Alongside the sweat-soaked jerseys and beat-up shin pads that
hung in the Albany, N.Y., last Thursday night, a pair of
pristine white gloves were taped to the wall. "Those will go to
our trainer, Bert Lenz, after we win the title," Boston College
senior goalie Scott Clemmensen said with a smile two nights
before the NCAA championship game. "Someone has to escort that
first-place trophy Stanley Cup-style around the country, right?"
The Eagles' eight seniors had been thinking about that since they
came to BC. In the past three years, in fact, Boston College had
lost the Frozen Four title game twice, and the Eagles hadn't won
a national championship in any sport since their hockey team's
1949 victory. BC, which finished the regular season 29-8-2 and
ranked second in the nation, seemed primed to break that drought
after a 4-2 victory in Thursday's semifinal against Michigan, to
whom it had fallen in overtime in the '98 championship game.
After nearly 56 minutes in Saturday's final against speedy,
offensive-minded North Dakota, the Eagles had a 2-0 lead and
seemed to have the title in hand. But with 4:11 to play, the
Fighting Sioux, who defeated BC in last season's championship
match, pulled goaltender Karl Goehring to gain a 6-on-4
advantage that paid off with a quick goal. Then with only 36
seconds left in regulation, North Dakota scored again to send
the game into overtime. Just when Boston College's recent
history of near misses appeared about to repeat itself, a trio
of Eagles underclassmen, sophomore Krys Kolanos and freshmen
Tony Voce and Chuck Kobasew, combined for the winning goal 4:43
While BC's sophomore and freshman standouts shone in Albany,
this season's happy ending belonged to the Eagles' veterans,
especially Clemmensen, whose 356 career saves in tournament play
is an NCAA record, and senior captain Brian Gionta, whose 123
career goals, including a nation-leading 33 this season, made
him Boston College's most prolific goal scorer. Gionta, a 5'7",
170-pound whirling dervish who was drafted by the New Jersey
Devils in the third round in 1998 and is often compared with the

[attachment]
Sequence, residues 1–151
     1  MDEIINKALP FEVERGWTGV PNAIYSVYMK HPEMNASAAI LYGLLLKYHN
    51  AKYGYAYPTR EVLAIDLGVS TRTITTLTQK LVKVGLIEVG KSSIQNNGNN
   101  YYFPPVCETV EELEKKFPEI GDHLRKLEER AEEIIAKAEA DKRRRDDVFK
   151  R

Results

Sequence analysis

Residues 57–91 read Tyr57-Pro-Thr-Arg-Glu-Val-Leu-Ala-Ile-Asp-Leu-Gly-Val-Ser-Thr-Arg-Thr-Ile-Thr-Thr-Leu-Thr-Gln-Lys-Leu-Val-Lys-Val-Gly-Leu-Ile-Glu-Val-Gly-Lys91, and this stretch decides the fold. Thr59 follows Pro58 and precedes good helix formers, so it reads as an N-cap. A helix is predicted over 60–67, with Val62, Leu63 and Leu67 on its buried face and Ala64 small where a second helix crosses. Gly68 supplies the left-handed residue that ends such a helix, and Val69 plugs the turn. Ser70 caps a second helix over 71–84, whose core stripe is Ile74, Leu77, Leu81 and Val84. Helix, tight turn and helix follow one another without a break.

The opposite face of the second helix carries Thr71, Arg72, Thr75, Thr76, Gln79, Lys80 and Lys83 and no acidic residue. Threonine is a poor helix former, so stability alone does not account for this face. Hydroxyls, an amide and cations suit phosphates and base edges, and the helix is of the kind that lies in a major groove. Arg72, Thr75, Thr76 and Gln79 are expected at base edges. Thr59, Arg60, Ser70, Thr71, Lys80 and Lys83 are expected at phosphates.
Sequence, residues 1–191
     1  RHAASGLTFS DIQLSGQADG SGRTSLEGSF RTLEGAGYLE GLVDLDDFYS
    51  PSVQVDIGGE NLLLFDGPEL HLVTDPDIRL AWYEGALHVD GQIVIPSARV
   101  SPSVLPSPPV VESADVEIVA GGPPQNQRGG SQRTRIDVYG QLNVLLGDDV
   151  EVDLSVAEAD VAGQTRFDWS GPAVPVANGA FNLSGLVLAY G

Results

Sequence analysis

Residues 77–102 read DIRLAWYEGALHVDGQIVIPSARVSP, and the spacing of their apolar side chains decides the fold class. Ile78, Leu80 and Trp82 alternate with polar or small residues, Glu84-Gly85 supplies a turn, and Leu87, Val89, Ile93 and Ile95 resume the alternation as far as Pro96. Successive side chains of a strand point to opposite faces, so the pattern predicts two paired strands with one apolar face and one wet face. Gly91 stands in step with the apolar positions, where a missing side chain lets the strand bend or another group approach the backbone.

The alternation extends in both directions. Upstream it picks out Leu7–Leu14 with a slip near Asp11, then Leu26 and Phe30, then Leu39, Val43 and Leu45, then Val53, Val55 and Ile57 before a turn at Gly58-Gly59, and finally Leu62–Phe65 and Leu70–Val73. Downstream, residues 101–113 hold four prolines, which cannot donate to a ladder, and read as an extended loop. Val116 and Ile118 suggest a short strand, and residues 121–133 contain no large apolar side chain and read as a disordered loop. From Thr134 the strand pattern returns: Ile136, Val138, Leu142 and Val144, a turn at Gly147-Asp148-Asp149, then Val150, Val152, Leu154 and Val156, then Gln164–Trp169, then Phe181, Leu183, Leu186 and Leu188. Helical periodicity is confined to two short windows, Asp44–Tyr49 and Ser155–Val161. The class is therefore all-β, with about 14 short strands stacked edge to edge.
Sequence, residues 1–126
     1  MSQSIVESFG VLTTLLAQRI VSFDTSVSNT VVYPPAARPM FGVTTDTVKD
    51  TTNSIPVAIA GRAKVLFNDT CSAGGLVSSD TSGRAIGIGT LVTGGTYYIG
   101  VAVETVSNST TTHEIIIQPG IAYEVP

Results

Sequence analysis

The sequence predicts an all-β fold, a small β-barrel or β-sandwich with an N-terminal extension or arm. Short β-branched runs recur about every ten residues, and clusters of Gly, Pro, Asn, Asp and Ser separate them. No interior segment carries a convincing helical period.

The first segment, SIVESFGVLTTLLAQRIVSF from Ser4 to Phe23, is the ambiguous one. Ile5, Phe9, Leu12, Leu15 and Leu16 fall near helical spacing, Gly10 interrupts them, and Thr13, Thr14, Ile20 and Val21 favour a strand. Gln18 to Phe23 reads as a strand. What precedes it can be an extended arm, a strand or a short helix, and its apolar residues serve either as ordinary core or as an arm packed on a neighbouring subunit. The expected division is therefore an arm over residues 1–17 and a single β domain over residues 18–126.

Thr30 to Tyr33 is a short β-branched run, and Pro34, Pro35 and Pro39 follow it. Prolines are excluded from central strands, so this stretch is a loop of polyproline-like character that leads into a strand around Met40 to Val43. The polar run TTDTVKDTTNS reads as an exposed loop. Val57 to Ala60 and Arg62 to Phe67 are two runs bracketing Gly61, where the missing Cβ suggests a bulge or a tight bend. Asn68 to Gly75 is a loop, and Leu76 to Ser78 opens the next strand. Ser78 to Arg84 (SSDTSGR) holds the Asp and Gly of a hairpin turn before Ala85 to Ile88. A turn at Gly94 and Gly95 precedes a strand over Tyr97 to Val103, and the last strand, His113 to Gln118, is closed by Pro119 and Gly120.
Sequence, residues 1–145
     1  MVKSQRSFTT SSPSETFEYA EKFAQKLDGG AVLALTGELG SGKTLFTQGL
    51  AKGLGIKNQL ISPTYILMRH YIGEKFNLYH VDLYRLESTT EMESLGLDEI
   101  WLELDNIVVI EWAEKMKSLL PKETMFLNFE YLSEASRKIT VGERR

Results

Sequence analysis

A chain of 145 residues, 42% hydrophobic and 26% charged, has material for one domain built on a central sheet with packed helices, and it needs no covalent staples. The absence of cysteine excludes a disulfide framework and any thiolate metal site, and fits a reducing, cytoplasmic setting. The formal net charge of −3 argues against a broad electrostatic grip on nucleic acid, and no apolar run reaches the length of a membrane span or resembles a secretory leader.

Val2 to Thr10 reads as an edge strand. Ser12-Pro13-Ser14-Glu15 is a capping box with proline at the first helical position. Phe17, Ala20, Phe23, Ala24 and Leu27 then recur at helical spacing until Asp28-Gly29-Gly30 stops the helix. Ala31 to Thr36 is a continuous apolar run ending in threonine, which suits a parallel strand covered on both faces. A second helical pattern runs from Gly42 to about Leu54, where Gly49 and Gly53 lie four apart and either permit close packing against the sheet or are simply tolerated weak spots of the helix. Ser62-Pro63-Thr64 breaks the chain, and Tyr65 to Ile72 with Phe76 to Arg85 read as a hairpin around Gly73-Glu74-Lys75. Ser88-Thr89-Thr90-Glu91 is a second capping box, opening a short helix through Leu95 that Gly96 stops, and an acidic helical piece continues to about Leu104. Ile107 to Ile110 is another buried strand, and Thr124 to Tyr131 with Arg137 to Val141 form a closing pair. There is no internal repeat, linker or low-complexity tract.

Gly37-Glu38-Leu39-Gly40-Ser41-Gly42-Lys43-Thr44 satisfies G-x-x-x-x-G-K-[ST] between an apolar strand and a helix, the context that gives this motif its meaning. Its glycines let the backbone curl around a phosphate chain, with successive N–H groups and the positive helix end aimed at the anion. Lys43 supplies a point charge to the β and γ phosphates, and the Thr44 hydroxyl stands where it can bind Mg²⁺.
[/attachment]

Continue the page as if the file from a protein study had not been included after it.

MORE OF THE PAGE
New York Rangers' rambunctious and talented Theo Fleury, spent
most of last weekend being dogged by opposing defensemen, who
limited him to only one assist in the two games.
With opponents focusing on Gionta's line, BC's young forwards
came to the fore, most notably Kobasew, the second-line right
wing and Hockey East Rookie of the Year. With goals in both
Frozen Four games, Kobasew had the inside track as tournament
MVP even before he assisted on Kolanos's title-winner.
"Our heads were hanging as we walked into the locker room after
the third period," said Kolanos after his decisive goal. "But
then Clem stood in the middle of the room and talked about what
this game meant. When we skated out, there was no question that
we were going to win."
Behind Boston College's deep and talented front line was
Clemmensen (he was also drafted by the Devils, in the eighth
round in 1997), whom senior defenseman Bobby Allen calls the
Eagles' glue. While the most-talked-about goalie last weekend was
Michigan State's Hobey Baker Award winner, Ryan Miller, the 6'2",
200-pound Clemmensen made observers wonder why he was so often
overlooked this season. Leaving the acrobatics to smaller, more
agile netminders, he fended off 66 shots in the two-game Frozen
Clemmensen's Urbandale, Iowa, high school team, which had to draw
on seven area schools to scrounge up enough players to field a
squad, is only one of the unlikely recruiting sources tapped by
Boston College coach Jerry York. Whereas York's mentor, John
(Snooks) Kelley, who guided the Eagles from 1932 through '42 and
from '46 through '72, looked for players within a stick's length
of BC's campus, York has a more far-reaching vision. Since taking
over the Eagles in June '94, York has followed a recruiting trail
that passes through places ranging from Niskayuna, N.Y. (hometown
of senior Mike Lephart, who scored the second goal in Saturday's
win), to Osoyoos, B.C. (Kobasew's hometown). Already, Patrick
Eaves of Faribault, Minn., the 16-year-old brother of freshman
center Ben Eaves, has orally committed to BC for fall 2002. Also,
17-year-old Stephen Gionta from Rochester, N.Y., who at 5'7" and
180 pounds is a brawnier version of his brother, has expressed
interest in following Brian to Boston. Patrick and Stephen were
members of the U.S. 2000 under-18 select team.
"We've got some real nice players coming back next year," said
York, who was surrounded by a maroon-clad sea of Boston College
fans for at least an hour after the final game. "It makes saying
goodbye to the great ones a little easier."
During the victory lap Gionta raised the championship trophy
above his head while Clemmensen snapped pictures with a
disposable camera. Kobasew and most of the younger Eagles hung
back and grinned. After having scored twice in the semifinals,
Eaves said on Thursday of Boston College's veterans, "We know
Saturday's game is their last shot at a championship. Then again,
it could be our only shot."
Don't bet on it. With freshmen like Eaves, chances are that BC
hasn't gotten its hands on the trophy for the last time.
COLOR PHOTO: DAMIAN STROHMEYER Eaves (here getting collared in the final) had two goals in the semis.
"When we skated out," said Kolanos, "there was no question we were
going to win."